30 NBZ, cxxxix, pp. 626–627, 776; ISS, pp. 148, 152, 174, 203. For details of which aristocrats submitted what books for copying, see Yoshida Hiroko, “Edo jidai ni okeru chōtei no sonzai keitai to yakuwari – Kinchū narabi ni kugechū shohatto no kitei kara”, Nihonshi kenkyū, ccccxcv (2003), p. 17. See also KT xxxviii, p. 342; here the nineteenth-century editors cite Sunpuki, but the passage cited does not appear in the available versions of the text. See also Butler, ‘Tokugawa Ieyasu's Regulations for the Court’, pp. 526–536.

31 For further details of this process and for translations of some of the key documents, see Lee Butler, Emperor and Aristocracy in Japan 1467–1680: Resilience and Renewal (Cambridge, Mass., 2002), pp. 198–211. Butler characterises Ieyasu's attitude as one of ‘benevolence and paternalism’ and notes that the political force of these regulations lay in the fact the Bakufu was giving the court instructions on how to conduct itself, and doing so based upon its own records and precedents: pp. 204, 210–211.

32 Yoshida, “Edo jidai ni okeru chōtei no sonzai keitai”, p. 15ff; DNS, Part 12, xxii, p. 161; ISS, pp. 101–104, 212ff.

33 The only treatment of Ieyasu's various involvement with books and texts is Ono Noriaki's ‘Tokugawa Ieyasu no bunken seisaku to sono eikyō’, in Ono Noriaki toshokangaku ronbunshū, pp. 151–194, but he does not consider precedents, motives or significance.

34 KT xxxviii, p. 341, citing Sunpuki and Keichō kenbunroku anshi.

35 R. Kent Guy, The Emperor's Four Treasuries: Scholars and the State in the Late Ch'ien-lung Era (Cambridge, Mass., 1987), pp. 2, 12.

36 Mark Edward Lewis, Writing and Authority in Early China (Albany, NY, 1999), p. 239.

37 See John H. Winkelman, “The Imperial Library in Southern Sung China, 1127–1279: a Study of the Organization and Operation of the Scholarly Agencies of the Central Government”, Transactions of the American Philosophical Society 64.8 (1974), pp. 1–61, and Jean-Pierre Drège, Les bibliothèques en Chine au temps des manuscripts (jusq'au Xe siècle) (Paris, 1991).

38 Kornicki, The book in Japan, p. 365.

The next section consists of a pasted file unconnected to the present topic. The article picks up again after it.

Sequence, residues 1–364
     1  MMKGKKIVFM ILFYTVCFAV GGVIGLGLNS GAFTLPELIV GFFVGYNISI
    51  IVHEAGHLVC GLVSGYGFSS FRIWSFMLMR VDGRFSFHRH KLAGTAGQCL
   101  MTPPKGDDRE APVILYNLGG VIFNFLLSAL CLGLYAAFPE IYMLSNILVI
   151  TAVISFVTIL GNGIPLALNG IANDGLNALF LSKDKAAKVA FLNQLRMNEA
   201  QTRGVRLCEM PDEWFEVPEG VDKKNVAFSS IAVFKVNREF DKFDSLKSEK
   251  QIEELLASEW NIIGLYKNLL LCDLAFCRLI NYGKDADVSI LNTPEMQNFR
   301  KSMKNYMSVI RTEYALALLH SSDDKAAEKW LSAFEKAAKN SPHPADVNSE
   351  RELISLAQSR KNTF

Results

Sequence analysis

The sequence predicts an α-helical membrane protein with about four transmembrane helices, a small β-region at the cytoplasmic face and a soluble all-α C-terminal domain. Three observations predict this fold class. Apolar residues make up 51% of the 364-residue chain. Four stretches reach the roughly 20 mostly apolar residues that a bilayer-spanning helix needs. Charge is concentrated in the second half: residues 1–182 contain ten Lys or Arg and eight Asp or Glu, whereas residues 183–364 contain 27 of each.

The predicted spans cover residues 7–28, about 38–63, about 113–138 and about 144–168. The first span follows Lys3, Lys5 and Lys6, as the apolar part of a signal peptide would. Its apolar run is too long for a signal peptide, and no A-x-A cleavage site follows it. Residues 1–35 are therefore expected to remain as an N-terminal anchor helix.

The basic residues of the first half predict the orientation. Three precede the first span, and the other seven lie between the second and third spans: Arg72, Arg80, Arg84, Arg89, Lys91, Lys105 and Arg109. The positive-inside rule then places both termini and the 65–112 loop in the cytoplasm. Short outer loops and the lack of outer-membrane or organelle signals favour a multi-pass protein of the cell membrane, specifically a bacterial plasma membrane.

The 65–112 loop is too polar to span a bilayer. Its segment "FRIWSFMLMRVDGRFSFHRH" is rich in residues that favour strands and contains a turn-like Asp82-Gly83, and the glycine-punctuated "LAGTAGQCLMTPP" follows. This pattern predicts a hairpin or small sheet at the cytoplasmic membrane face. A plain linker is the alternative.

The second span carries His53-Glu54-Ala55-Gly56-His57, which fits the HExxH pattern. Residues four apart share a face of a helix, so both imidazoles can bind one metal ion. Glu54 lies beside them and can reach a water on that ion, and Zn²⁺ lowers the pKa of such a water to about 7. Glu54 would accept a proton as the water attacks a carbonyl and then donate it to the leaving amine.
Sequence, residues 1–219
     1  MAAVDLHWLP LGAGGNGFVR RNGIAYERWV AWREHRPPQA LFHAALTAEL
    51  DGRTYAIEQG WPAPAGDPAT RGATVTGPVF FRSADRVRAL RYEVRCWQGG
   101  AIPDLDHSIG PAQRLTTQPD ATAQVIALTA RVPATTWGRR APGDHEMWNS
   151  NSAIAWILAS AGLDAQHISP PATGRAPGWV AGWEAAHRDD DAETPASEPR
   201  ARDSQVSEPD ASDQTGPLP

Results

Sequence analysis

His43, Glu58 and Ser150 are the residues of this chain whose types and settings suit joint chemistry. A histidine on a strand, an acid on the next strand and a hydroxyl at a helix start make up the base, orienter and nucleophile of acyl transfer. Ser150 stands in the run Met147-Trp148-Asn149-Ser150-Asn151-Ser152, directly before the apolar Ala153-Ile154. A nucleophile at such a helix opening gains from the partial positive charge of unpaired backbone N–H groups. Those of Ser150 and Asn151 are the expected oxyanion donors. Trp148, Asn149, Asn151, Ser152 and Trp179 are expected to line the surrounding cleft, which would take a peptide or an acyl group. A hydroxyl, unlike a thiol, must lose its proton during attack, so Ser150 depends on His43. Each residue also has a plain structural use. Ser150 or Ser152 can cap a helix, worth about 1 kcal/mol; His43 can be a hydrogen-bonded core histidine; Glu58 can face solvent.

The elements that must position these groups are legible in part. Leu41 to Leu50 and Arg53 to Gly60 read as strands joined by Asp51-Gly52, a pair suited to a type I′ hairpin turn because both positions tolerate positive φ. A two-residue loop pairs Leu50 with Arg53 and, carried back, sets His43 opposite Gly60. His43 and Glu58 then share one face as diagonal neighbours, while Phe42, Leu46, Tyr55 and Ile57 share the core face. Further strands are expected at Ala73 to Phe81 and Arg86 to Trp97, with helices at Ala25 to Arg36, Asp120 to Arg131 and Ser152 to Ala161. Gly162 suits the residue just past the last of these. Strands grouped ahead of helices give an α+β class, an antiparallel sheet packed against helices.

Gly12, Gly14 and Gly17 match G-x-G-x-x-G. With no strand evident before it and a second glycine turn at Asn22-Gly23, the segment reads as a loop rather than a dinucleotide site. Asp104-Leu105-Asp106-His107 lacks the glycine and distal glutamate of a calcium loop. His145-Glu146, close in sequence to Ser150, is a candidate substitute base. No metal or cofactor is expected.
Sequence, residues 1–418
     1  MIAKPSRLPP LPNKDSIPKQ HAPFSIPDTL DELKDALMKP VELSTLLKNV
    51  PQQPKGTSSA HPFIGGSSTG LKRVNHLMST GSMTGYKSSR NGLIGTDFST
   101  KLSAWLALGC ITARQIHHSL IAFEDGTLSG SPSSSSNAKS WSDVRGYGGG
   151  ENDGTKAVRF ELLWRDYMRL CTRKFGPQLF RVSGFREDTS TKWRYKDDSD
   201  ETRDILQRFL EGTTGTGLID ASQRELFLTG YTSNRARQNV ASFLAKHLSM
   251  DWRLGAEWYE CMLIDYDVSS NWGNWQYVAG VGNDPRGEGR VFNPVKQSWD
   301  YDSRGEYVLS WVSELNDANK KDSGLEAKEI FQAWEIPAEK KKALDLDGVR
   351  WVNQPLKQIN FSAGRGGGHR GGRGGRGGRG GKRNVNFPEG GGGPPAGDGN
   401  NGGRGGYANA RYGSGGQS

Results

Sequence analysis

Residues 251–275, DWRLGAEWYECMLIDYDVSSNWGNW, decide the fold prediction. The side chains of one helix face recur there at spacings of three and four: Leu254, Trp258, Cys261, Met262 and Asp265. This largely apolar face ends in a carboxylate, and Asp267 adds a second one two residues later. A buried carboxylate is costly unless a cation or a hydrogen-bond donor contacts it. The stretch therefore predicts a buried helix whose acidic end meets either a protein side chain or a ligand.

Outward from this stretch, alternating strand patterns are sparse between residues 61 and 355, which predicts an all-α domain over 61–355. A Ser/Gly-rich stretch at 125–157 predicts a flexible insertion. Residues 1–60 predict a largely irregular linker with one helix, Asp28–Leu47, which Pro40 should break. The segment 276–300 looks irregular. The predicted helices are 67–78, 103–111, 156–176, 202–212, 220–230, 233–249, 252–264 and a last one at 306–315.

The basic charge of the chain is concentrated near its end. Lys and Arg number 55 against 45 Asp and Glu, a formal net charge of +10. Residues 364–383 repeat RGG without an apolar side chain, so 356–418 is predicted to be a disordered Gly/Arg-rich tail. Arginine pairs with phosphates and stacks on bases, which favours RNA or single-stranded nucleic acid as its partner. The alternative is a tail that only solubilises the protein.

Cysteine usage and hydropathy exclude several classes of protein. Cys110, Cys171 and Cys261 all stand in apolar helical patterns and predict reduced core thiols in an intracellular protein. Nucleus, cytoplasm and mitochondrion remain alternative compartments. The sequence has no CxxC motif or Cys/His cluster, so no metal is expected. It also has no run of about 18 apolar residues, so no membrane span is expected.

39 I Jungil, Chosŏn sidae, pp. 307–322; Sugiura, Hōsa bunko, p. 170. On the dispersal of Ieyasu's books, see Kawase, “Suruga oyuzuribon no kenkyū”, Sugiura, Hōsa bunko tenseki sōroku, and KSZ, iii, pp. 165ff. The Kii books were dispersed, hence the difficulty of ascertaining what books Ieyasu owned. The figures given here are those of the extant books; Sugiura gives details of other books now lost, including both Chinese and Korean imprints.

40 Sugiura, p. 168, and I Jungil, Chosŏn sidae, p. 316.

41 I Jungil, Chosŏn sidae, pp. 259–262. Razan's books mostly perished in the great fire of Edo of 1657.

42 Son Bogi, Hanguk e kohwalja (revised edition; Seoul, 1987) pp. 128–129, 148–149; Cheon Hye Bong, Hanguk sŏjihak (revised edition; Seoul, 1997), pp. 177–195, 268–347, 386–387, 392.

43 Johannes Laures, Kirishitan Bunko: a Manual of Books and Documents on the Early Christian Missions in Japan, 3 vols (Tokyo, 1940, 1941 and 1951).

44 Shōnen hitsudoku Nihon bunko, iv, p. 280; translation from Sources of Japanese tradition, i, p. 442.

45 See, for example, Jahyun Kim Haboush, ‘Constructing the Center: The Ritual Controversy and the Search for a New Identity in Seventeenth-Century Korea’, in Culture and the State in Choson Korea, ed. Haboush and Martina Deuchler (Boston, Mass., 1999), pp. 69–70.

46 Fukui Tamotsu, Edo Bakufu kankōbutsu (Tokyo, 1985), pp. 58–96; Seidan, in Ogyū Sorai zenshū, vi (Tokyo, 1973), p. 137.